Power Through Innocence

One thing is certain here in Taiji… every single day, you will encounter something unexpected. Whether this comes in the form of something tragic or something hopeful… you can be sure that when you awake in the morning here, your day will be like none other you’ve had previous.

Today was a prime example of this for us here in Taiji…

We rounded the corner of Taiji Harbour just after 6am this morning, just as the two dozen or so dolphin hunters were preparing their boats for a morning at sea- with projected stormy weather remaining far out on the horizon, the migrating dolphin pods travelling past the waters of Taiji would be in jeopardy once more. It wasn’t too long before we spotted the ‘banger boats’ forming a militant line behind an unsuspecting pod of Risso’s dolphins. The drive from out at sea to the small inlet of Taiji was relatively quick this morning, so Rosie and myself raced down to the cove to park our car, before beginning the short but steep trek up a neighbouring cliff to the dreaded ‘killing cove’ of Taiji.

We barely made it a few hundred metres away from the carpark at the larger cove before I spotted two people on the cold, stony shores of the cove… I quickly identified them as being westerners, so I promptly made my way down to introduce myself, and to find out how and why they came to be here in Taiji. I approached the man closest to me, wearing a sky blue jumper, to my immediate surprise- it wasn’t a ‘man’ at all, but a young boy… After introducing myself to him, I found out that he is just 14 years old… He and his father had heard of the dolphin slaughter here in Taiji through the infamous documentary- they both travelled here to witness the slaughter first-hand. I quickly found out that Ben (the young boy) was a musician, and had come to the cove not only to spread awareness, but to somehow utilise his talents to make a difference here in a unique way… I offered to show the father and son duo around the areas we would usually monitor during a slaughter, all the while learning about their journey in coming to Japan.

Soon after, the four of us settled ourselves atop the neighbouring cliff, watching the drive hunt proceed before our eyes…

Once the dolphin hunters had successfully forced the 8 Risso’s dolphins (including 3 juveniles) into the Taiji Harbour area, things suddenly took an unexpected turn…

The Risso’s dolphins began to fight back!
There was nothing that the dolphin hunters could do to contain the pod of dolphins- and as soon as it seemed as though the pods’ fate was sealed, they would jump a net, swim under a banger boat and speed off toward safety right under the noses of the hunters… If it weren’t for the topography of the area leading up to the cove (we nickname it ‘the funnel’- a long trench of deep water surrounded by jagged rocks and reef, forming an underwater pathway directly into the cove)… Once the dolphins are in this ‘funnel’, there is very little chance that they will ever swim free again. Today, however, it seemed as though the Risso’s dolphins just would not give up- the hunters persevered with their frantic and irritated chase for hours… At one point, a helicopter flew overhead in circles around the drive hunt, as well as a large Coast Guard vessel patrolling waters nearby- we are convinced that the authorities and hunters thought that us activists had something to do with the dolphins’ refusal to enter the cove… however, we were just as astounded!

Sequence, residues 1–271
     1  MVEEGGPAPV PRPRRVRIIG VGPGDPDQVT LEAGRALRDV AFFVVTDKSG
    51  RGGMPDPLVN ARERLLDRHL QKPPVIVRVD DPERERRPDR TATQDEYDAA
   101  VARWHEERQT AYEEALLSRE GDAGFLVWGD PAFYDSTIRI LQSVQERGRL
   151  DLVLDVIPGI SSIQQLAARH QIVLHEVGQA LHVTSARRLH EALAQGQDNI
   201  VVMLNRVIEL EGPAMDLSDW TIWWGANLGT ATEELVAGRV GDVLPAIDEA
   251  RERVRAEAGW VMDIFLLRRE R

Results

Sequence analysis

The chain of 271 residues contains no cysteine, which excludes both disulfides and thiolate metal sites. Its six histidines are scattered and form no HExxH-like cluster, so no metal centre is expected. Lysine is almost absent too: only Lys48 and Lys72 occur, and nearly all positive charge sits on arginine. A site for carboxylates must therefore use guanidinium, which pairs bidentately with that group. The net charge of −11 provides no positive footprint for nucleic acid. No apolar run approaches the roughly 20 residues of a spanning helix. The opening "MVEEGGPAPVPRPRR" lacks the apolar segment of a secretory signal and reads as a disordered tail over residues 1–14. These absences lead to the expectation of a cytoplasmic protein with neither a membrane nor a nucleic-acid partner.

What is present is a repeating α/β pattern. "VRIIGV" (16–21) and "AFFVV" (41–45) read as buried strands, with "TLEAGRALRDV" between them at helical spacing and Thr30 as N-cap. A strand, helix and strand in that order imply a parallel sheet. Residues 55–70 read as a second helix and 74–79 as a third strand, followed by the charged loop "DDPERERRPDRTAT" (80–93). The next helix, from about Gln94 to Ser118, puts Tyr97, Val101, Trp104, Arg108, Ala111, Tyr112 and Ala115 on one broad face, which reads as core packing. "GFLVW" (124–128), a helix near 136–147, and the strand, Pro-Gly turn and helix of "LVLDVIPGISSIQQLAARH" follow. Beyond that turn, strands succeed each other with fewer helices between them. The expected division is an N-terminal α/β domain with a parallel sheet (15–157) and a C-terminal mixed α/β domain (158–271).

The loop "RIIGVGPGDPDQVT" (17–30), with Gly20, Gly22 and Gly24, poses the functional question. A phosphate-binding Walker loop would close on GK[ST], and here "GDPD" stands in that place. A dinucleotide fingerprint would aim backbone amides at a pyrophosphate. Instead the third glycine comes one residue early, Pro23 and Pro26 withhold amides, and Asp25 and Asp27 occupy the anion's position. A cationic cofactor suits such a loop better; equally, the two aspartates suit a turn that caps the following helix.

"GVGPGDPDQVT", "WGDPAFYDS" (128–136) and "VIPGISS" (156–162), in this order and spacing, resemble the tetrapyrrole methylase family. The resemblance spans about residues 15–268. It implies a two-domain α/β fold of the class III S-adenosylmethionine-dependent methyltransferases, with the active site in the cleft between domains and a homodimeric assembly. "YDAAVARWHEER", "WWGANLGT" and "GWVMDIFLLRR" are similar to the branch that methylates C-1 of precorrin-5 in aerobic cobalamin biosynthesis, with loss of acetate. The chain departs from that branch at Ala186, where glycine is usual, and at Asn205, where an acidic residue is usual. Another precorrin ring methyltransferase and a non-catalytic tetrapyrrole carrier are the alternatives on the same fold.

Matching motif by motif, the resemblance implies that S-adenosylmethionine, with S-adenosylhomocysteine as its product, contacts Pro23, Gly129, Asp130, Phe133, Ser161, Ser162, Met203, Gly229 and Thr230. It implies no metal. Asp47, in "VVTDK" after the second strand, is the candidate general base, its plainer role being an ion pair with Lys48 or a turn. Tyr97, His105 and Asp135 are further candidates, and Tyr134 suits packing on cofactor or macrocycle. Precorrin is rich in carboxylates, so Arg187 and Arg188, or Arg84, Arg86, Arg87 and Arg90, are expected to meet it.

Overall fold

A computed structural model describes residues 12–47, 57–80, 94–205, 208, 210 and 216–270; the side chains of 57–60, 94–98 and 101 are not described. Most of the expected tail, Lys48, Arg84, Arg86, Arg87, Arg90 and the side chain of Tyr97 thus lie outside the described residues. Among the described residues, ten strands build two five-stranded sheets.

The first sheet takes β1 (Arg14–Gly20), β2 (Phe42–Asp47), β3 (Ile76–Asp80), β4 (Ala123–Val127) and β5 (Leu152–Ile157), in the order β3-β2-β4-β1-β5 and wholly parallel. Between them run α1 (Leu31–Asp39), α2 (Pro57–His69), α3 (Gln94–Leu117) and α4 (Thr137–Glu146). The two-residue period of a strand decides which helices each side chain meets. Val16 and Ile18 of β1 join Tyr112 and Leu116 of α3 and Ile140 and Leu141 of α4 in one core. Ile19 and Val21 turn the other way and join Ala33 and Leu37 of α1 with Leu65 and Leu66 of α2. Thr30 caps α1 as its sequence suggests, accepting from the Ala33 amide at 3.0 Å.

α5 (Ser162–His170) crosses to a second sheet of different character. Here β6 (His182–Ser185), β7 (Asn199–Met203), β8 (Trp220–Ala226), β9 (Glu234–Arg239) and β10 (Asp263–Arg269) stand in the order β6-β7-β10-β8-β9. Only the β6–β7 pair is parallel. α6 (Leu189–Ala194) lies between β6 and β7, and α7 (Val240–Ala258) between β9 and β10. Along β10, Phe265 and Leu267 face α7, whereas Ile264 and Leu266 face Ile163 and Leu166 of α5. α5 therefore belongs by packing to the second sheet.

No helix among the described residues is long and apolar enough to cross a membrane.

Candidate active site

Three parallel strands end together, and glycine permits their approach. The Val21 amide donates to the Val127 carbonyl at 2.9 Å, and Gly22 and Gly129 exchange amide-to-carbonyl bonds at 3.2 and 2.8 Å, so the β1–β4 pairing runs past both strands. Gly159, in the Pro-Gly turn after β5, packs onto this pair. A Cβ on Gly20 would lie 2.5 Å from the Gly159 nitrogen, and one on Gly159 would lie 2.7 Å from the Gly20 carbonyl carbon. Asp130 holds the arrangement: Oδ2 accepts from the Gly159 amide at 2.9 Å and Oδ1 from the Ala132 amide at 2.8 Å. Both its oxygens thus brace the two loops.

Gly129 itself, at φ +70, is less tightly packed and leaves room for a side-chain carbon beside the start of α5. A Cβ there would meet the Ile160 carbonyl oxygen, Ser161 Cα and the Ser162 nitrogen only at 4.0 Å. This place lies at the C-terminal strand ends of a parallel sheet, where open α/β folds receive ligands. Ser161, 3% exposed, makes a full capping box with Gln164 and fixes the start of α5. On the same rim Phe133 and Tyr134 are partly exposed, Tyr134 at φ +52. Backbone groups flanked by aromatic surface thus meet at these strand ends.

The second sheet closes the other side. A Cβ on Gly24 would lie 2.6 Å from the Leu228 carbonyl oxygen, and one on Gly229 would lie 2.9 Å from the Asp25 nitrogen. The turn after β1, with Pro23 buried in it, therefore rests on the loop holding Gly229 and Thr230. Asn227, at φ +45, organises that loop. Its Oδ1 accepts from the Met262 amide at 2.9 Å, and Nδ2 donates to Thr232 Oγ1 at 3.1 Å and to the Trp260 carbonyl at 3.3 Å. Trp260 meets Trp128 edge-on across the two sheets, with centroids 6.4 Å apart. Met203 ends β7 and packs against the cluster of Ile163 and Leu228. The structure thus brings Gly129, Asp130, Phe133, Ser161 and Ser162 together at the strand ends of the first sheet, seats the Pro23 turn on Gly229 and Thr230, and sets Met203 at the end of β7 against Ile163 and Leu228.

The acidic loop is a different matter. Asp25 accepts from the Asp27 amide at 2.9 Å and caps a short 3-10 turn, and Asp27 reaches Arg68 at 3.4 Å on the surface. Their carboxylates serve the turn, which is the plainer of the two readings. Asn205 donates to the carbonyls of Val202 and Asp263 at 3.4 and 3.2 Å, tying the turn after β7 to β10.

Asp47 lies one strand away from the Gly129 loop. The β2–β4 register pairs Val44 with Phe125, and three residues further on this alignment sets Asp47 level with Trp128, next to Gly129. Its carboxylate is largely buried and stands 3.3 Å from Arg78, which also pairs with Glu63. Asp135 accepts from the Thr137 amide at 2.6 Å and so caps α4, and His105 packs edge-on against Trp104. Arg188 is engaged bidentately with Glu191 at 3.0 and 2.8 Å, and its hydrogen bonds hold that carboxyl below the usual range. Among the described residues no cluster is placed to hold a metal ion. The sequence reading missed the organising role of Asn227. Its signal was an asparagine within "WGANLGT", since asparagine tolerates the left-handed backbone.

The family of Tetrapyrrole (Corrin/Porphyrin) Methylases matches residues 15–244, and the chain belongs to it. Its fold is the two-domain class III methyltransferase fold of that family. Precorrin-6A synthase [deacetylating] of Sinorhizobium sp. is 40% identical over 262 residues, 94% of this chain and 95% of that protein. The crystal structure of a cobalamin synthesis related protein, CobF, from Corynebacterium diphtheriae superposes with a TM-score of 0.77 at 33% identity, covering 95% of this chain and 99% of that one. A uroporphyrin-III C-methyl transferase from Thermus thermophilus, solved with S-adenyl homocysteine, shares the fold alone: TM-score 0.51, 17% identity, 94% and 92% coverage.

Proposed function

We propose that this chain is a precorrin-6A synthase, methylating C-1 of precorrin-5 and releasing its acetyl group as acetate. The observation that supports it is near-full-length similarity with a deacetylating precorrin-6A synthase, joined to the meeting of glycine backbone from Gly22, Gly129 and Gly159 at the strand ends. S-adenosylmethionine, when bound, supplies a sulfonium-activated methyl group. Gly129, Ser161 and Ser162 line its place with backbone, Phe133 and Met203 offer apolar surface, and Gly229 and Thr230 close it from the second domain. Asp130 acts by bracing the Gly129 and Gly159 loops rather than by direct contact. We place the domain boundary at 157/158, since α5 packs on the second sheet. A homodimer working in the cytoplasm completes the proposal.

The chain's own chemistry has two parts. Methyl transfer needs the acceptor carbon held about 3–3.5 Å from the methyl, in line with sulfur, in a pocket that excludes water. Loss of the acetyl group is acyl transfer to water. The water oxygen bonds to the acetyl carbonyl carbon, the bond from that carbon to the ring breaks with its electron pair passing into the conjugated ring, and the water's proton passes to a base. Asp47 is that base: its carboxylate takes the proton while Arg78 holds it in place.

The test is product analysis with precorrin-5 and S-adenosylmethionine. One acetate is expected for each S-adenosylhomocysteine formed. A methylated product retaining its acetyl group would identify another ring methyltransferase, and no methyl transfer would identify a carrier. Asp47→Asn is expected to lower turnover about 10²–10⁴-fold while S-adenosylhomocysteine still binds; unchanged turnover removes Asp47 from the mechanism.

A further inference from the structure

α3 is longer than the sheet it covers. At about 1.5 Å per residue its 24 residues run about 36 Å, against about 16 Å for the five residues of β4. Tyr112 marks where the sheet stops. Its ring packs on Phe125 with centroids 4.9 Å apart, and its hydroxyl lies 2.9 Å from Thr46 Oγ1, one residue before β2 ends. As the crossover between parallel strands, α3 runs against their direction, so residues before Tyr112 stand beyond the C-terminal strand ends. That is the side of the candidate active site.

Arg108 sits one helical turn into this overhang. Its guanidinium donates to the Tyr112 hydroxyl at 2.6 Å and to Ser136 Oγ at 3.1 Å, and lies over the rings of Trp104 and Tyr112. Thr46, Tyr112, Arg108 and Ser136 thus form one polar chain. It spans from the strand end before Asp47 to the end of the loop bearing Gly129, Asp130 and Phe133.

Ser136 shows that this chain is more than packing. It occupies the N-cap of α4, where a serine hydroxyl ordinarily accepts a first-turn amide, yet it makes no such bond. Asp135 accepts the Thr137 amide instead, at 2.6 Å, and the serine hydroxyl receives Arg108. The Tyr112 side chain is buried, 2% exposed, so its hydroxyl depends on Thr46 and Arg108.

In a moment that I will never forget, and one of the most severe and poignant contrasts I will ever set my eyes upon, Ben got up (during the drive) and played a song on guitar… His incredible talent, coupled by the innocence exuded by his young age made for an incredible scene.

 

On one hand, you have Ben- still a child in his own right, playing beautifully haunting music with such innocent and well meant intentions, and you have the sounds of the hunters madly beating away at their metal poles directly behind him, trying to force the pod of dolphins to their imminent deaths… The scene before me was so powerful it actually overwhelmed me quite a lot.

 

 

After another hour or so, the hunters managed to tire the pod out completely- after a 6 hour gallant fight… They were herded into the killing cove like so many before them…

Seeing Ben at the cove today gave me just that little bit more hope for the futures of generations to come… the message of marine conservation, and in particular- compassion for other living things- is living through and gaining strength amongst the youth of the world. I desperately hope that it will be this up and coming new generation of leaders that will reverse and mend the mistakes of the past…